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4:57 PM  Dec 15th, 2017
by Allison N. Moon ’08

Eva Mozes Kor is a 4-foot-9-inch woman, 83 years young and dresses head to toe in her favorite color — blue. She has a magnetic energy that instantly drew me to her when I first heard of her story last fall. Within a few months, I traveled to Poland to hear her tell it herself. She made me laugh, then cry, then laugh once again. My life will never be the same.

At 9 years old, Eva was a headstrong girl living with her parents, two older sisters and twin sister, Miriam, on a farm in Romania. By 10 years old, her parents and two older sisters were dead, and Eva was living in a dirty barrack with her twin sister, kept alive only to be used for medical experiments. This was 1944 in Auschwitz-Birkenau.

Her family was identified, captured, herded into a cattle car and ripped apart on the platform at Birkenau in a matter of days. After being stripped of her possessions, her hair was shaved and she was branded — “A-7063.” She was no longer a human being, a little girl meant to play and laugh and love; she was a test subject.

She slept on a wooden bunk, was provided with little food and water, and forced to submit to the orders of her captors and other prisoners put in positions of “privilege.” Three days a week, she walked to a nearby barrack to have blood drawn and to be injected with unknown chemicals. On alternate days, she was marched with the other twins of Birkenau to Auschwitz, a trip that would take up to an hour one way by foot, to undergo tests and experiments. For more than 240 days, Eva thought of only one thing — survival, for her and her sister.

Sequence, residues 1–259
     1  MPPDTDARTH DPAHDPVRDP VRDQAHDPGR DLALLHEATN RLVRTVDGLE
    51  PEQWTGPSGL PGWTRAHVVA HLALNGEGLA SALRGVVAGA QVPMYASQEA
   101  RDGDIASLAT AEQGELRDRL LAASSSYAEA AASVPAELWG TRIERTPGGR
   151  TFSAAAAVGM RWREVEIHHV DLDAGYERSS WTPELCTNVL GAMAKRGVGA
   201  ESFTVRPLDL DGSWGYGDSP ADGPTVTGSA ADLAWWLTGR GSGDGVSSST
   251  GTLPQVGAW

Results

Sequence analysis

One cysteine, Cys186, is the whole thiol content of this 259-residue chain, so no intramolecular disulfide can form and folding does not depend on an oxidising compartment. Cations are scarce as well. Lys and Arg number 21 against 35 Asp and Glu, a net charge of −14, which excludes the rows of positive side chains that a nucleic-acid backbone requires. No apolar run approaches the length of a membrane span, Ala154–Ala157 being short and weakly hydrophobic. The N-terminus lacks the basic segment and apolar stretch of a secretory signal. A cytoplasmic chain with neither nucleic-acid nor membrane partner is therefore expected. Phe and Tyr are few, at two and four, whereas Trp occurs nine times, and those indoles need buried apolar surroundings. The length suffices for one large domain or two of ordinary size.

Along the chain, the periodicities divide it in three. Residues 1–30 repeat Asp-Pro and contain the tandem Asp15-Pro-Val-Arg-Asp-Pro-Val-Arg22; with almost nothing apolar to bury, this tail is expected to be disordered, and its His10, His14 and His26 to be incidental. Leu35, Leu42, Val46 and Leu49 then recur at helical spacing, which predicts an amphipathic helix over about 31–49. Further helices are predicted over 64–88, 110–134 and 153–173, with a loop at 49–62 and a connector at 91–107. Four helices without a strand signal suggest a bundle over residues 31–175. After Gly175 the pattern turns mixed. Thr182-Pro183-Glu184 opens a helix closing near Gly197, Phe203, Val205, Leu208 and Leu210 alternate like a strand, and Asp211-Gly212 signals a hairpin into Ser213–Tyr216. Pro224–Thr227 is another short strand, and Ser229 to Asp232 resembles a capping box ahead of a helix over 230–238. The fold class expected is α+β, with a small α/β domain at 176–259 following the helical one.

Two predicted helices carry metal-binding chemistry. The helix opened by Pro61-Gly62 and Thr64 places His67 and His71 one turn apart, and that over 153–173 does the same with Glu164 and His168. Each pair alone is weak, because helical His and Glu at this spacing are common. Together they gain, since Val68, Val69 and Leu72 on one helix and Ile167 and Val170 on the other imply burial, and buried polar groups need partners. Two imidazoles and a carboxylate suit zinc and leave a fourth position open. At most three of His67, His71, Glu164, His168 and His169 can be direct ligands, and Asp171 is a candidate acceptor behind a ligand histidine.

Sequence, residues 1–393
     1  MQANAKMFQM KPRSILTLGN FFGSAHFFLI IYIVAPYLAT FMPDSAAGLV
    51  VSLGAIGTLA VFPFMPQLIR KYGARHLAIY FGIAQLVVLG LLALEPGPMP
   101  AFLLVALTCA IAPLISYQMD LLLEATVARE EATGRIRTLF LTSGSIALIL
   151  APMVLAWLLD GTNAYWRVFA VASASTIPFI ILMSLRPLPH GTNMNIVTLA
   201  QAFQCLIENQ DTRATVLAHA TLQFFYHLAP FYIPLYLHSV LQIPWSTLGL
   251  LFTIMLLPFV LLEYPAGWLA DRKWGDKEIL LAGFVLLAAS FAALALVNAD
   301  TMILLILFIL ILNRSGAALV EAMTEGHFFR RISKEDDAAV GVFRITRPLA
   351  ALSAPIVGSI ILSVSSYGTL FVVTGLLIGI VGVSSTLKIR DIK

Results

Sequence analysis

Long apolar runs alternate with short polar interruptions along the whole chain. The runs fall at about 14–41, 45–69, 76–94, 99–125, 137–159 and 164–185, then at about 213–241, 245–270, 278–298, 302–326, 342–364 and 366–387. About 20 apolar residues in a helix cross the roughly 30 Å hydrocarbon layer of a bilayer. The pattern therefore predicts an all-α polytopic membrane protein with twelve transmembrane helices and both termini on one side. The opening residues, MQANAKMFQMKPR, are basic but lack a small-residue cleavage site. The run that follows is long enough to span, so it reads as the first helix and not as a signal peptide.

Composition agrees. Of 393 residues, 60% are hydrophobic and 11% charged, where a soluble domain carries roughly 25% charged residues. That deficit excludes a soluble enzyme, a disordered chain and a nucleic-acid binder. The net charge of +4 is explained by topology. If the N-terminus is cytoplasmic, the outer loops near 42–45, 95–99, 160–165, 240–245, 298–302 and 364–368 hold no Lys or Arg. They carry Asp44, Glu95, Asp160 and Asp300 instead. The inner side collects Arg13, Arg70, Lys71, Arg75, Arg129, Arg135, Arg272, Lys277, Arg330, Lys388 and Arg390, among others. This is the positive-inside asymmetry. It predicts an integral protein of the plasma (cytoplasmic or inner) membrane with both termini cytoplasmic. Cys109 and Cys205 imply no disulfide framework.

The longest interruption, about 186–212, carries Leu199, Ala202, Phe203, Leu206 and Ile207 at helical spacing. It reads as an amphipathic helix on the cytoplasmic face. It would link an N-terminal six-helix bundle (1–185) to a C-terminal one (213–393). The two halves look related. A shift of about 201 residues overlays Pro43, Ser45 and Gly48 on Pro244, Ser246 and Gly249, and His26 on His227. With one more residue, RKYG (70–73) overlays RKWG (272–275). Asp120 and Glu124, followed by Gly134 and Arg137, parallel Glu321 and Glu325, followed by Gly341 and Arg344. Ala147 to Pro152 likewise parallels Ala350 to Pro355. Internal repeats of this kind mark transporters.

Her strength to survive is only matched by the strength she found to forgive. To hear Eva’s message of peace and forgiveness is a stark contrast to the ruins of gas chambers, cremation buildings and barracks in Birkenau but is an emotional message of the power we all have to be a positive influence on the world. She challenges us to find our way to forgive those who have wronged us because holding on to anger and resentment only causes more hurt. How many of us carry around the grudges, pain and suffering from past experiences? I know I am guilty. And if Eva can forgive Nazi doctors, can’t we find our way to forgive others, too?

The challenge Eva leaves us with is to replace anger with peace. As an adult, she spent four months writing a letter that she would never send, expressing her own feelings of hurt but concluding with three words: “I forgive you.” And she meant it. With those three words, she discovered no one could give her the power to forgive, and no one could take it away.

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